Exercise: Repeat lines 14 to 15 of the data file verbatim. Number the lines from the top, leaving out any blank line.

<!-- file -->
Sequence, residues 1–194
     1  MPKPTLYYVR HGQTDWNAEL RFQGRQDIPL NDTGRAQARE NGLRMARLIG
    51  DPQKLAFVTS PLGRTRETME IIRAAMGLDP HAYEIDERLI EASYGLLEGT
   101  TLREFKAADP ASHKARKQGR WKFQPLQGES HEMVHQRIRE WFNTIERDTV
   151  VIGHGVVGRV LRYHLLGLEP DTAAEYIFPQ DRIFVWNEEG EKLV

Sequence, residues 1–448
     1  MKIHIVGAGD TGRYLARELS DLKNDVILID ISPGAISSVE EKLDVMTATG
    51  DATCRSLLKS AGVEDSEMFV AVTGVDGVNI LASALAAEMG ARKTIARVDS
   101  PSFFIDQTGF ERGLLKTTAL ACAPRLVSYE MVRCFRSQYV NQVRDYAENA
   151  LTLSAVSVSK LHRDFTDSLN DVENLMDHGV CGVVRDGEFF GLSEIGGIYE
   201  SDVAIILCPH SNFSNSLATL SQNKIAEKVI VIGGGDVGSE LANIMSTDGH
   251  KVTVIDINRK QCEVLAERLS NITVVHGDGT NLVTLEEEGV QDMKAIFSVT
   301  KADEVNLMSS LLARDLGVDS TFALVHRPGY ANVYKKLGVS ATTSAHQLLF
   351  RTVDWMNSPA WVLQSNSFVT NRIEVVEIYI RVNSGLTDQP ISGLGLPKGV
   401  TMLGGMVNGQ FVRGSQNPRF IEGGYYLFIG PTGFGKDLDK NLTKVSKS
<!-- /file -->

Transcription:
   351  RTVDWMNSPA WVLQSNSFVT NRIEVVEIYI RVNSGLTDQP ISGLGLPKGV
   401  TMLGGMVNGQ FVRGSQNPRF IEGGYYLFIG PTGFGKDLDK NLTKVSKS